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Fasti: Wednesday, 21 Mai 2008

Postby Aldus Marius on Tue May 20, 2008 7:06 am

Salvete,

Fasti for Wednesday, 21 Mai:


ante diem XII Kalendas Iunias
[NP]
Agonium Maianum (Agonalia)


From our calendar:


* Rex Sacrorum offers a ram to Vediovis in the Regia on the Capitoline.
* Septimus Severus saluted as imperator by his Legions, 193 CE.


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Qui Deus est hic?

Postby Valerius Claudius Iohanes on Wed May 21, 2008 1:43 am

Salvete, Romani omnes -

My education continues apace: I had to ask, "Who was Vediovis?"

Wikipedia has this to say about him:


Wikipedia wrote:... Veiovis (Vediovis) is one of the oldest of the Roman gods. He is a god of healing, and was later associated with the Greek Asclepius. He was mostly worshipped in Rome and Bovillae in Latium. On the Capitoline Hill and on the Tiber Island temples were erected in his honour. In spring, goats were sacrificed to avert plagues.

Veiovis is portrayed as a young man, holding a bunch of arrows (or lightning bolts) in his hand, and is accompanied by a goat. He is probably based on the Etruscan god Veive.

... We find him in the Sabine deity system, and in the Etruscans' as well. But they let show a constant updating of his condition and his use by people: [He appears]
escaping from netherworld,
[as a] Volcanic God responsible of marshland and earthquakes, and later
[as a] guardian angel in charge of
- slaves and
- fighters refusing to lose.
[as a] God of deceivers, [who] was called
- to protect right causes and
- to give pain and deception to enemies.

His temple was a haven safe from police for wrongly persecuted people, and dedicated to the protection of the new comers in Rome.

... Aulus Gellius, in the Noctes Atticae, speculated that Veiovis was the inverse or ill-omened counterpart of Jupiter; compare Summanus. Aulus Gellius observes that the particle ve- that prefixes the name of the god also appears in Latin words such as vesanus, "insane," and thus interprets the name Veiovis as the anti-Jove. Aulus Gellius also informs us that Veiovis received the sacrifice of a female goat....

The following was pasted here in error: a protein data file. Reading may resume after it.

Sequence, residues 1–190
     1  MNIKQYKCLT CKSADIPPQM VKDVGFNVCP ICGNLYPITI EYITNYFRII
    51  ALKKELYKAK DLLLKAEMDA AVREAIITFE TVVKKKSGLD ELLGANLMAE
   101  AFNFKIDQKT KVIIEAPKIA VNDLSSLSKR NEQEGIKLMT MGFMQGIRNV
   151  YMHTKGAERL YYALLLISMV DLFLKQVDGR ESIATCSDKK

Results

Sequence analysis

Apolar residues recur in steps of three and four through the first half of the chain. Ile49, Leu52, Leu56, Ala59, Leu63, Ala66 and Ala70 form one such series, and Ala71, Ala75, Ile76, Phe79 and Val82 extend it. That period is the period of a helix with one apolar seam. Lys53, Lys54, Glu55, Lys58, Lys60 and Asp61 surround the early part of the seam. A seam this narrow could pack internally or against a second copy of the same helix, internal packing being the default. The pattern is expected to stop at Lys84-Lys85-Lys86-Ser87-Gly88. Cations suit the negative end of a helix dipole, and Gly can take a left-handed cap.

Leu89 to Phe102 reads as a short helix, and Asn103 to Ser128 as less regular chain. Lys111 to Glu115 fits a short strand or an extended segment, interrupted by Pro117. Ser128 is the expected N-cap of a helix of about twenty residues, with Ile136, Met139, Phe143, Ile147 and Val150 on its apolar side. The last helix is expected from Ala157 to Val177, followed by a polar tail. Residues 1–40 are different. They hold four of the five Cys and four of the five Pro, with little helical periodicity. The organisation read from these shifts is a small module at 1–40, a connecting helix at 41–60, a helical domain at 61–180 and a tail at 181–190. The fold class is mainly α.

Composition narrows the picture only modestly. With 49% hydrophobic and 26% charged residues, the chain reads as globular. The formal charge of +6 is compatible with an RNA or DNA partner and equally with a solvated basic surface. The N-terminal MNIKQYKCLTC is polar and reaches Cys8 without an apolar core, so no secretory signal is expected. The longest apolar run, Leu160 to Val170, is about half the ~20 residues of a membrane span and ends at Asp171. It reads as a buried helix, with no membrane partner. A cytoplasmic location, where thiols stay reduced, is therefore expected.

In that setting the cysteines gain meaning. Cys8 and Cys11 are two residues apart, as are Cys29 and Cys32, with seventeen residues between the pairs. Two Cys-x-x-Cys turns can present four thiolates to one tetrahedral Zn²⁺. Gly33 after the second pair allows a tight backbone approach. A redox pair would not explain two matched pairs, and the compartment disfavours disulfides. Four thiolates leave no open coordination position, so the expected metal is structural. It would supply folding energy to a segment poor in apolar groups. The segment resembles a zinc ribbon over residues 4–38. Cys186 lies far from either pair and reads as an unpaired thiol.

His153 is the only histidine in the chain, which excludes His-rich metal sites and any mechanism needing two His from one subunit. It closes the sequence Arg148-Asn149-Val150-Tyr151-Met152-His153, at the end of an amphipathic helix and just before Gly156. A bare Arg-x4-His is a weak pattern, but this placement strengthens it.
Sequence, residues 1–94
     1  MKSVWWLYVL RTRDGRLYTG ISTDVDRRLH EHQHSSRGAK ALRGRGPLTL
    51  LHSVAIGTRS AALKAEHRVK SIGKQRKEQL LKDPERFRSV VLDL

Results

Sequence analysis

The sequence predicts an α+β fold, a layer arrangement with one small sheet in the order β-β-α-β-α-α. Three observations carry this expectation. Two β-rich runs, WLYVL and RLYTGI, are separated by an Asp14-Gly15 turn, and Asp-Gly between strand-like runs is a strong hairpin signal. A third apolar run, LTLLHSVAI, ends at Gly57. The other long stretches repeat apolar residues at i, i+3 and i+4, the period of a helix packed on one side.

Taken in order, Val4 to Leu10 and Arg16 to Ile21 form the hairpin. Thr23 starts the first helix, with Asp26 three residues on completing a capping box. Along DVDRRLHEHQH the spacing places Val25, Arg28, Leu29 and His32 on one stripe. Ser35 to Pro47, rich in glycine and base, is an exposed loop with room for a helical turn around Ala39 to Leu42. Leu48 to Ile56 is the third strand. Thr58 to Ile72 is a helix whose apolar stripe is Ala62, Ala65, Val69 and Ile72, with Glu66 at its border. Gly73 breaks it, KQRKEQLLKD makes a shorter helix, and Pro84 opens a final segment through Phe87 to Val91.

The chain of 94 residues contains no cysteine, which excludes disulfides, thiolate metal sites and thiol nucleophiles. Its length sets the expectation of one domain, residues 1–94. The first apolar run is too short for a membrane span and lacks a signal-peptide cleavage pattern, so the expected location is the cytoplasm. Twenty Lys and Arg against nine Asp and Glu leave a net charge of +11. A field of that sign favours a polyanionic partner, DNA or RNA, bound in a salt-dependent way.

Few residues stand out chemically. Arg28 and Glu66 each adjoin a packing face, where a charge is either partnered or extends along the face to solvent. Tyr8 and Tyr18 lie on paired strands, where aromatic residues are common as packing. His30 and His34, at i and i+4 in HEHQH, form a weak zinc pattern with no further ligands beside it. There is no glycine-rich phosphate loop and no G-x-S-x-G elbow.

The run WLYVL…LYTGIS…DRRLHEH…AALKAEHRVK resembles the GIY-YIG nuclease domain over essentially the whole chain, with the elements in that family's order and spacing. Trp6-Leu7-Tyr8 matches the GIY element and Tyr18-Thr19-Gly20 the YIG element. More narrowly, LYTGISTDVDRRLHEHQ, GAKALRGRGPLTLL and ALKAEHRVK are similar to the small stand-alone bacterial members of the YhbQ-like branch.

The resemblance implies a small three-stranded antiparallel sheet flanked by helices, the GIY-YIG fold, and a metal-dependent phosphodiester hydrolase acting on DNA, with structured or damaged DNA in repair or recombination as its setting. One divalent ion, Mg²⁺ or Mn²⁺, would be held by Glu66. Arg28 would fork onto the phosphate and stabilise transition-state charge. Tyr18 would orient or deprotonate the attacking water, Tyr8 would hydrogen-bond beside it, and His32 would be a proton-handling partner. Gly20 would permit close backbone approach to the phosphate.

... In art, he was depicted as a youth holding a laurel wreath and some arrows, next to a goat. He had a temple between the two peaks of the Capitoline Hill in Rome, where his statue had a beardless head and carried a bundle of arrows in his right hand. It stood next to a statue of a goat. ...

The source is here: http://en.wikipedia.org/wiki/Veiovis.

If anyone has more to offer on Veive/Vediovis, please post!

Valete.
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Fasti: Thursday. 22 Mai 2008

Postby Aldus Marius on Wed May 21, 2008 6:58 am

Salve, mi Iohanne, et Salvete omnes!

*searches pockets*

I don't have anything new about Vediovis; maybe we could send some community vibes in Ericius' and Piscinus' directions? >({|:-)

Meantime, here are the Fasti for Thursday, 22 Mai:


ante diem XI Kalendas Iunias [F]


* Death of Constantine, 337CE.
"Fortune is given to brave men." (Ennius, Annales 247)


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Fasti: Friday, 23 Mai 2008

Postby Aldus Marius on Thu May 22, 2008 7:44 pm

Salvete, amici boni!

Fasti for Friday, 23 Mai:


ante diem X Kalendas Iunias
[NP]
Tubilustrium
Notes: This is the second Tubilustrium of the year. The first time was during the last day of the Quinquatria festival held in tribute to the god Mars.


Our SVR calendar gives us these particulars:

* Purification of the trumpets used to announce the opening of the Comitia Calata (the public assembly of the Collegium Pontificium).
* Feriae Volcanalis: Rites to Volcanus and Maia.
* Dies Rosarum when wreaths of roses are laid at tombs and monuments of the Manes.